October 4, 2017 // 1 p.m.
Manufacturer: PC Specialist
UK price (as reviewed): £699.00 (inc. VAT)
US price (as reviewed): N/A
Intel Optane memory promises to deliver what so-called SSHDs (solid-state hybrid drives) did by combining a smart, high-speed cache with slower and cheaper bulk storage to deliver a storage solution that has high capacity, rapid responsiveness, and a reasonable price tag. It's been available for a good few months now, and for PC desktops it hasn't really made a huge impact. The cost of the two available cache modules (just over £40 for 16GB, £75 for 32GB) and the need to have a seventh-generation Intel Core CPU and supporting chipset means that for most people the tried-and-tested advice of having an SSD for OS and program installations and one or more cheaper but much higher capacity HDDs for everything else remains best.
Still, various tests and reviews around the internet do point out that it does actually work rather well and that for a specific set of users it may be the optimal choice. Coming in at £700, we have the Enigma K5 system from PC Specialist, and this is exactly the type of price point where Optane has hopes of being effective, primarily because it's the sort of budget where the cost of adding an SSD might give you pause for thought.
The system is presented in a fairly basic In Win OEM chassis with USB 3.0 and USB 2.0 ports up front, extruded side panels with no window, and a front panel that has a red trim and a translucent front fascia sporting a diamond pattern. The single 120mm red LED front intake fan can be seen glowing through this front section, but that's about the limit of the visual niceties. It's also the limit of the case's airflow, as the side and rear 120mm mounts are unfilled; this is not the calibre of system where this is likely to matter, however. In terms of filters, the PSU is guarded by a thin sheet, but the front and sides are unprotected, so some dust will enter and build up over time.
Moving inside, we find a system built around the Intel B250 platform, starting with the Asus Strix B250H Gaming motherboard. With striking red and black visuals that match the rest of the system, this appears to be a solid foundation for a mid-range gaming rig, even if CPU overclocking isn't supported. This motherboard nets you great onboard audio courtesy of ROG SupremeFX that's built around the Realtek S1220A codec found in many high-end boards. There are also numerous SATA ports and a spare M.2 2280 port (PCIe or SATA) for upgrading storage further down the line. There are only two USB 3.0 ports on the back, but three in total should still be enough for most, as there are plenty of USB 2.0 ports for peripherals.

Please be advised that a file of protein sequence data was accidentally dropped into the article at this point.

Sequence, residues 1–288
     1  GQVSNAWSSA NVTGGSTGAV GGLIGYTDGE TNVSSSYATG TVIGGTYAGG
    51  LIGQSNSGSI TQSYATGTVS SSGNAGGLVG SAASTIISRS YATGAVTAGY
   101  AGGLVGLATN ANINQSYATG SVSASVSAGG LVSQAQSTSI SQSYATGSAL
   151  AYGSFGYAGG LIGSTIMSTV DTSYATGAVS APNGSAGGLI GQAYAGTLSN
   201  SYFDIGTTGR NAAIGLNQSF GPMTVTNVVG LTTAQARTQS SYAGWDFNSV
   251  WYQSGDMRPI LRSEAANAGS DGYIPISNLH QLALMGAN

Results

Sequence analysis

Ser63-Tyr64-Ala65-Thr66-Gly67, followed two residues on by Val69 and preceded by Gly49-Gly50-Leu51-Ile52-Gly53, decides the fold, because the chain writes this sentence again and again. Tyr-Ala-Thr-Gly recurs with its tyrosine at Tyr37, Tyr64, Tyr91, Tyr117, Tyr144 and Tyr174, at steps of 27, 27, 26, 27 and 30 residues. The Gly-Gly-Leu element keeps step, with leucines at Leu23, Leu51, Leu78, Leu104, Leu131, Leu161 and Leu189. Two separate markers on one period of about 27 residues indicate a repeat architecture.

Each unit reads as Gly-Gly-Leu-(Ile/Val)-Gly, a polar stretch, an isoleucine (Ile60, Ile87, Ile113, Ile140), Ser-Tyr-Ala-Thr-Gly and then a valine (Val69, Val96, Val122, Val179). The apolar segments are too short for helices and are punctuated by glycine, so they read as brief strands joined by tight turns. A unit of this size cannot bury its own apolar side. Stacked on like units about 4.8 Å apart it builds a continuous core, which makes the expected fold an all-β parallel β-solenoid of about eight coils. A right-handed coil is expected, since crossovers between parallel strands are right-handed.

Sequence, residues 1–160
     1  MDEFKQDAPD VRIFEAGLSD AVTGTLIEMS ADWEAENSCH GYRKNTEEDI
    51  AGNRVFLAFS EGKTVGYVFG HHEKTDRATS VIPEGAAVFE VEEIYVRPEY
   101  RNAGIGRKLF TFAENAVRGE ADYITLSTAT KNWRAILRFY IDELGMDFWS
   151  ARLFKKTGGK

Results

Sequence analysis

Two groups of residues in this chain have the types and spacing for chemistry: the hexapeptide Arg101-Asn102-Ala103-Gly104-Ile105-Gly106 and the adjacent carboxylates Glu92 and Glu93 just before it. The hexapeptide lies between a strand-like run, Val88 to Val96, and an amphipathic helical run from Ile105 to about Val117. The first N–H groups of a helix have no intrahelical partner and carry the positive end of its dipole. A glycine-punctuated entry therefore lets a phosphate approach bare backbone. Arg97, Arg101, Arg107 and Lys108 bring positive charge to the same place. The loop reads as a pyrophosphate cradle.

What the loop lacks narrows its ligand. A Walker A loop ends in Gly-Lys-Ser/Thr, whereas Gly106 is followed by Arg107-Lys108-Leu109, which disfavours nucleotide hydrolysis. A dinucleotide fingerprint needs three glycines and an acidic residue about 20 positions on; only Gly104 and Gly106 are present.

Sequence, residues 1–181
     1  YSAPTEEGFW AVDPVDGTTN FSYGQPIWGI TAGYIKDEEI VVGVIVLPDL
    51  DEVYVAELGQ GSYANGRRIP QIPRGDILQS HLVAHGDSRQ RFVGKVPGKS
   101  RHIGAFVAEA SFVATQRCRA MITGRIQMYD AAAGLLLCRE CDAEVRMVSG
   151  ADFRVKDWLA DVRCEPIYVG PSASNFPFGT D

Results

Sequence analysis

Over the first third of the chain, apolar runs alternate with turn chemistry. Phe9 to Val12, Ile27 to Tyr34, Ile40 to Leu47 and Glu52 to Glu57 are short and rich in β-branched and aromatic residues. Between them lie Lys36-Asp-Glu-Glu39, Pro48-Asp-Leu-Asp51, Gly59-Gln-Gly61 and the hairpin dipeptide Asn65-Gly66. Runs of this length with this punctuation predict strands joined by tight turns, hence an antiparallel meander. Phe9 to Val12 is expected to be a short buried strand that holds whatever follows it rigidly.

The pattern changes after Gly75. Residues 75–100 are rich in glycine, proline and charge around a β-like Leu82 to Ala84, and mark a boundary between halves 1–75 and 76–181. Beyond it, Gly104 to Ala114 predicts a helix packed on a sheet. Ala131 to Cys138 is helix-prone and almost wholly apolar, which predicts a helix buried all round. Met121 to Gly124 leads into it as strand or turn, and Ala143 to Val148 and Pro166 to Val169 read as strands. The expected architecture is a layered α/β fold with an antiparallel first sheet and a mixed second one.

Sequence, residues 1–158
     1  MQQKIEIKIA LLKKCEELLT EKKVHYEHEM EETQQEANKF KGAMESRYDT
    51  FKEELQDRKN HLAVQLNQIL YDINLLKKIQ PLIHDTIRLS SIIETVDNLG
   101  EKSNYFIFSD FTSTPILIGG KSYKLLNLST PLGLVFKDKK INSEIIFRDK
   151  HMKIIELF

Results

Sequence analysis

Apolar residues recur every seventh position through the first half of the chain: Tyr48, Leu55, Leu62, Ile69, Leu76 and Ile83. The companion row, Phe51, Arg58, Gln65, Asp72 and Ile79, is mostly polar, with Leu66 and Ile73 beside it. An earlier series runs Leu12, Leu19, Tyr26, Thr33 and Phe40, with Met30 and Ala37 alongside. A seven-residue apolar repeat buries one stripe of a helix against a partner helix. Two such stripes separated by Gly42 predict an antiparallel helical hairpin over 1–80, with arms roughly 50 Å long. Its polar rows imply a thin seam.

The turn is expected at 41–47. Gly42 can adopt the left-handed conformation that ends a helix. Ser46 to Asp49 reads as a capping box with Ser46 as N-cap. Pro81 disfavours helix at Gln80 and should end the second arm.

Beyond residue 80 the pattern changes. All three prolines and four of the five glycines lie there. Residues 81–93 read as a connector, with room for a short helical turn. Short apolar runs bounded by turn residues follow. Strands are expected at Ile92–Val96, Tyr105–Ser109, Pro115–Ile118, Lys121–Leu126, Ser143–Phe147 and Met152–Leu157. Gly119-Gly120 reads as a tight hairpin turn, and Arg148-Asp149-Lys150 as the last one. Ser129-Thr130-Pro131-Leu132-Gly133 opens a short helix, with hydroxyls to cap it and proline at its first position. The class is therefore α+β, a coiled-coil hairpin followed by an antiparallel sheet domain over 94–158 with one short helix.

PC Specialist has filled the board with an Intel Core i5-7400, a quad-core Kaby Lake CPU with a 3GHz base frequency, 3.5GHz turbo frequency (or 3.3GHz on all cores), and this is paired with a dual-channel, 8GB Corsair Vengeance memory kit running at 2,133MHz. This leaves you with two spare memory slots, so upgrading to 16GB in the future will be easy.
It's been a while since we've seen an Intel stock CPU cooler. Obviously, it wouldn't be our first choice, but in a budget system with an efficient, non-overclocked CPU, it makes sense as an area in which to save a bit of cash.
The GPU is very much an entry-level model. Specifically, we have the Zotac GTX 1050 Ti, an ITX-sized dual-slot card packing 4GB of GDDR5 and coming with DisplayPort 1.4, HDMI 2.0b, and dual-link DVI-I outputs. Gameplay at 1080p will be the limit, and the focus will be casual and esports games rather than the latest AAA releases, although many will still be playable with the settings turned down. There is also ample scope for upgrading the GPU, as the case has space for much longer cards.
The blue Intel Optane module can be seen starkly contrasting with the black motherboard PCB, occupying the lower M.2 slot. It's the lower capacity module (16GB) and is a PCIe 3.0 device with claimed read and write speeds of 900MB/s and 145MB/s respectively, though the main area where it's looking to beat HDDs is access time/latency. The Optane module works in tandem with the single 2TB 3.5" HDD that comes courtesy of Toshiba. Since this is a prebuilt system, no setup is required; you simply boot to the desktop as normal, whereupon you'll see a tray icon indicating the Optane is running. The cache-enhanced volume is presented at all levels as a single 2TB volume; you cannot access the Optane stick independently.
The Corsair VS350 PSU powers everything. 350W may not seem like a lot, but nowadays it's easily enough for this type of system, and you'll have headroom for GPU upgrades (it has a single 6+2-pin PCIe cable). Its certification is only 80 Plus White, and the cables are non-modular, but it's there to do a job and we're sure it will do just fine since it's from Corsair.
Despite the case having no window, PC Specialist has not slacked on keeping the inside clean and tidy – the system's build quality is very good. Even the colour scheme is mostly consistent, and solid cable routing work behind the motherboard tray means that the main area is kept neat, the one exception being the eight-pin CPU power cable, which is forced by the case to be routed across the motherboard.
PC Specialist has used the default BIOS settings, and that's fine by us. With no overclocking available, there's little need to deviate from what works. The Windows desktop is uncluttered except for the inclusion of Bullguard – you can quickly disable and remove this, however, as it's only trial software anyway.
The company offers its standard three-year warranty terms with this PC, meaning that collect and return is only offered for one month while parts are covered for a year.